GULFPORT — The powerful aroma of the fry-o-lator sucks you in first. You can practically taste the planks of golden cod doused in malt vinegar, an order of fries steeped in ketchup to finish things off. You turn off the road into a beachfront parking spot, the ground hot under your flip-flops. This is status quo in Barnstable, Falmouth, Woods Hole, Provincetown — anywhere on Cape Cod — but can it happen in Gulfport?
In the space recently vacated by the short-lived Water Witch, the Village Pub has opened. Owners Dave and Magi Sailes, from London and Liverpool, respectively, have added a veneer of British pubitude to the ramshackle space, its outdoor tables kitted with fans to kick up the salt air. The Saileses are pros at this stuff, having owned Pints and Pastimes in St. Pete Beach before this new venture. A proper creamy-headed Guinness (a pint for $3.95) and a neon-pink English trifle (unnerving to the uninitiated, its wobbly jelly, submerged cake and whipped cream, with a big sherry wallop, no scrimping, $4.95).
The bread and butter at Village Pub is the fish and chips. They offer two varieties, cod and haddock ($11.95 and $10.95). The cod is better, but the North Atlantic haddock still has firm white flesh that flakes just so. The batter is a thickish, beer-batter style — golden and crisp and not quite greaseless. It's best when doused with the slightly sweet tang of malt vinegar, providing a contrast to the unctuous richness of the fish; tartar sauce is more a pairing of similarity, the doctored mayo adding another layer of sin.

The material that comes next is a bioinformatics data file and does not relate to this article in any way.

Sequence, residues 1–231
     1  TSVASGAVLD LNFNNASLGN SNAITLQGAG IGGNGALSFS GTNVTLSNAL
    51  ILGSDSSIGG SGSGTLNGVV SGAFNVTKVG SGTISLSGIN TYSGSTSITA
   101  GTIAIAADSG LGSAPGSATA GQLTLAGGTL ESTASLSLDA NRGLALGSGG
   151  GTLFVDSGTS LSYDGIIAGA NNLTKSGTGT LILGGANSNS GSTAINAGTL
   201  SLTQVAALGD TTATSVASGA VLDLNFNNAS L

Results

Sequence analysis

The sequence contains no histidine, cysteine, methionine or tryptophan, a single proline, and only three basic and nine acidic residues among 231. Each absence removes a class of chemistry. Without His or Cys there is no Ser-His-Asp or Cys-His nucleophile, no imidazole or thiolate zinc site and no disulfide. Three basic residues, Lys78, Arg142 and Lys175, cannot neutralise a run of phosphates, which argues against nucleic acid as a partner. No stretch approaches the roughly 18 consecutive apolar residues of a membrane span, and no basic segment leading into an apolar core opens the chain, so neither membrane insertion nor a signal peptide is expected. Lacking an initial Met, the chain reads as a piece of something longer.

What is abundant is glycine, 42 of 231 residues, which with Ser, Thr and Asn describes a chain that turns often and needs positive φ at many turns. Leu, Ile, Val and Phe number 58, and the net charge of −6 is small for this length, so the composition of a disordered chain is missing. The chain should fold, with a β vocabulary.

The french fries that accompany the fish are a workhorse plank version. A little salty, they are soft at the center, just crisp at either tip, calling out for a pool of ketchup (although quite happy to be waggled in tartar sauce or even ranch as well).
There's a pricey shepherd's pie ($12.95), tasty and rib-sticking, a nod to the mothers who served it as a fitting and filling economical meal. Village Pub does other fried foods with aplomb. Mozzarella sticks ($5.95), jalapeno poppers ($5.95) — let's be realistic. These are probably not fabricated from scratch on-site. But the best of the veggies are the onion rings ($5.95), sweet, fat rings of onion that slither out one end of their coating on first bite, the ghost of the onion just discernible as you eat the empty ring of batter.
But I haven't even gotten to my favorite dish. It's London pub-style chicken curry ($11.95, also offered with shrimp, beef, veg or fish), a slow burn, lots of sauce and basmati rice, the chicken lushly moist and packing heat.
Village Pub isn't covering untrammeled ground; it's a no-holds-barred, no-apology approach that only works if the (yes, largely fried) product is good. Bonus points: There's a big TV turned to European football, and kids can play in the beachfront park across the street while Mom and Dad relax in a fish-and-chips stupor and fret about the state of their arteries.
Laura Reiley can be reached at firstname.lastname@example.org or (727) 892-2293. Follow her on Twitter: @reiley. Her blog, the Mouth of Tampa Bay, is at www.blogs.tampabay.com/dining. Reiley dines anonymously and unannounced. The Times pays all expenses. Advertising has nothing to do with selection for review or the assessment.